Jungle Pam: Drag Racing's Sweetheart Of The Funny Car Track
Photo shoot for Hot Rod Magazine with Jungle Pam Hardy. (Photo by Mike Brenner/The Enthusiast Network/Getty Images)
In the '70s, Jungle Pam, drag racing's sweetheart of the asphalt, captured the imagination of Funny Car fans like no one else. Working to assist driver "Jungle Jim" Lieberman, Jungle Pam was known for her tight outfits, skimpy shorts or mini-skirts, go-go boots -- and of course a high-octane smile. In an era when drivers had a free hand to market themselves, the Jungle Pam phenomenon was a stroke of genius on the part of Lieberman, raising the profile of his team and Funny Car racing in general. And of course, it took a special partner with a gift for showmanship to pull it off. When young Pam Hardy took to the track as Jungle Pam, drag racing fans had a reason to stay in their seats to watch the action between the races.
In the early to mid-'60s, drag racing fanatics fell in love with the Funny Car. Funny Car drag racing combined top fuel horsepower with a lightweight production-model body for a drag car that fulfilled every driver’s need for speed. Funny Cars seemed to embody everything drag race car drivers and fans went to the track for, as they were both fast and flashy. Jim Liberman (1945 – 1977), or "Jungle Jim," was one of the best-known Funny Car drivers, and he was a wild child both on the track and off.
Jungle Pam was an eye-catching on-track presence with Jungle Jim Liberman in the mid-'70s.
Just 18 years old at the time (1972) and a couple of weeks shy of high school graduation, Pam Hardy had a chance meeting with Jungle Jim that would alter her plans for the next few years. She was planning to go to college, having been accepted to West Chester State, but fate intervened when Lieberman was driving his Corvette on a West Chester street and spied Hardy. He introduced himself, and introduced her to the world of drag racing; before long she ditched her plans to attend college, packed her bags and set off on an adventure touring the country’s drag racing circuit instead.
Jungle Pam Was A Drag Racing Newbie When She Joined The Team
Hardy had virtually no experience in the drag race arena much less being part of a pit crew. In spite of that, Liberman enlisted her help on the track. He was known for his flamboyant and showy drag car exhibitions and Hardy was just the girl to add glitz and glamour to his image. Her first official role was as Liberman's "backup girl," helping to position Lieberman's 1973 Chevrolet Vega on the track prior to each race. Liberman wanted all eyes on him when he climbed behind the wheel of his Funny Car. Who better to bring attention to him on the track than a beautiful, leggy and buxom young woman?
Jungle Pam Learned About Cars And Racing On The Job
Hardy soon captured the attention that Liberman had hoped for. Just the mention of her name would elicit excitement with her male fans. She took the simple task of backing a car up a few feet and turned it into an alluring spectacle not to be missed, earning herself the name Jungle Pam. Hardy was soon hands-on, helping the crew with things like topping the block off with water, re-packing the parachute and adding oil to the car. She had a fan base of her own, independent of Liberman.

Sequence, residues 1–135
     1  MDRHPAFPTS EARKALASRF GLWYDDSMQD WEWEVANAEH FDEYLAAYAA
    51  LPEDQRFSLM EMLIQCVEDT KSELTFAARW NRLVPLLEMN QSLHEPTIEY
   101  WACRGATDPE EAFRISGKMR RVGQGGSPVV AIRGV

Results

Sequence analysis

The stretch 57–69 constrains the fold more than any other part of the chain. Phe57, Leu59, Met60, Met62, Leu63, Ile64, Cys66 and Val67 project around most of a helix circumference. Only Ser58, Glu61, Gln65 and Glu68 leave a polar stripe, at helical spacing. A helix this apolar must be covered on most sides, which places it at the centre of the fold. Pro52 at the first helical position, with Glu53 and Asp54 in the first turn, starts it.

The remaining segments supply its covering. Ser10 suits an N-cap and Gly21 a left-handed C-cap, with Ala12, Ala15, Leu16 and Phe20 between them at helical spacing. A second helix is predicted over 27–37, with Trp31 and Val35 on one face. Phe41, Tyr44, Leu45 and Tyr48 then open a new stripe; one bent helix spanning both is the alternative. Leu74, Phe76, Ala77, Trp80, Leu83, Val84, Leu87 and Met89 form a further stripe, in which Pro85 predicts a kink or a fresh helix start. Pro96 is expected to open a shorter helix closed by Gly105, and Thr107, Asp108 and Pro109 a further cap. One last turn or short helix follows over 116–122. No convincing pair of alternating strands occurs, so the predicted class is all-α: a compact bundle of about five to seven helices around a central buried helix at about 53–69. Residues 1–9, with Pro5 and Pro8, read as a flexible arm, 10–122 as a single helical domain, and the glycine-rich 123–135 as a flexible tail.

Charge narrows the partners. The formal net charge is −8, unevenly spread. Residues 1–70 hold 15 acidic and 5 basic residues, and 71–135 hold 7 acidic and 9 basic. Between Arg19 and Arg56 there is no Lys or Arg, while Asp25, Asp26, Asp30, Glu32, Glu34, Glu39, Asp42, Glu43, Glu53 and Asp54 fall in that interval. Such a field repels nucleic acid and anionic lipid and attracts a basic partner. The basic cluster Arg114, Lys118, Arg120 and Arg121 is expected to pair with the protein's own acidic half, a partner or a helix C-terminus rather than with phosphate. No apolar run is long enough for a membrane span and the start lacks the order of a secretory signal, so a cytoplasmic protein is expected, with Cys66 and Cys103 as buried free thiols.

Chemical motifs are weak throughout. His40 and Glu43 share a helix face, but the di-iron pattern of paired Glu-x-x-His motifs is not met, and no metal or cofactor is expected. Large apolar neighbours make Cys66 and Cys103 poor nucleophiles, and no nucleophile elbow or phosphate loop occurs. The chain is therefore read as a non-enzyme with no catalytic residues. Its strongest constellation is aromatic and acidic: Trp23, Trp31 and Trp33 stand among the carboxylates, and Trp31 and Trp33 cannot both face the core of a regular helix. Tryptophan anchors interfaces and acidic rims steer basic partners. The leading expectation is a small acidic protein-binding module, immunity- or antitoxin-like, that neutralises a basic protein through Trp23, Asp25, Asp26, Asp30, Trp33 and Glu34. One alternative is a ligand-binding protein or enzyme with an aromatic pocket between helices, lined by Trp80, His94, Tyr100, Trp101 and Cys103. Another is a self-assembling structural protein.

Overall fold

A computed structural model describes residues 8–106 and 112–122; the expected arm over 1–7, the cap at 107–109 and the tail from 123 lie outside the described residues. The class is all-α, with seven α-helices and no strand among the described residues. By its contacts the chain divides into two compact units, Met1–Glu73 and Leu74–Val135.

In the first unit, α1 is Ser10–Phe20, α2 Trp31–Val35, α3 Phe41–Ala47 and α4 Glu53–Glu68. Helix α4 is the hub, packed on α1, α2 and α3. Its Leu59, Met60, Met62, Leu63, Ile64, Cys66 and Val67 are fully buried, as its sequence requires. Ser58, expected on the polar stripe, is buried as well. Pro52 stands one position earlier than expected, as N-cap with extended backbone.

Jungle Pam's Reign As Queen Of The Track Lasted Just Four Years
It was good while it lasted, but as the sport of drag racing became more popular, it also became more regulated. Rules were put in place disallowing all the showmanship Liberman was so well known for and had made his signature style. That left Hardy without a spot on the team. Around the same time, life on the road had begun wearing on Pam and Jim's relationship.
Without Hardy by his side, and new restrictions on some of the stunts he liked to perform, Liberman seemed to lose interest in drag racing, and his career slowed considerably. In his perfect world, dangerous maneuvers, short shorts, and halter tops were all part of the gig. Without all of these elements in place, Liberman just couldn’t dig it anymore. He continued to race but not nearly as much as before. Unfortunately, in 1977, his prized Corvette collided with a bus (not related to racing), killing him at the age of 31. After that tragic accident, Jungle Pam went back to being Pam Hardy and took a traditional 9-to-5 job.
So, what is Jungle Pam Hardy doing now? Hardy lives a quiet and “normal” life since leaving the limelight of the drag racing scene. All the while, however, she has done her best to keep the groovy memory of Jungle Jim Liberman and that era alive. She continues to make media and National Hot Rod Association (NHRA) appearances signing autographs. Currently, Hardy hosts a Facebook page and website dedicated to the memory of the sport of drag racing as it was back in those mid-'70s glory days.
Like it? Share with your friends!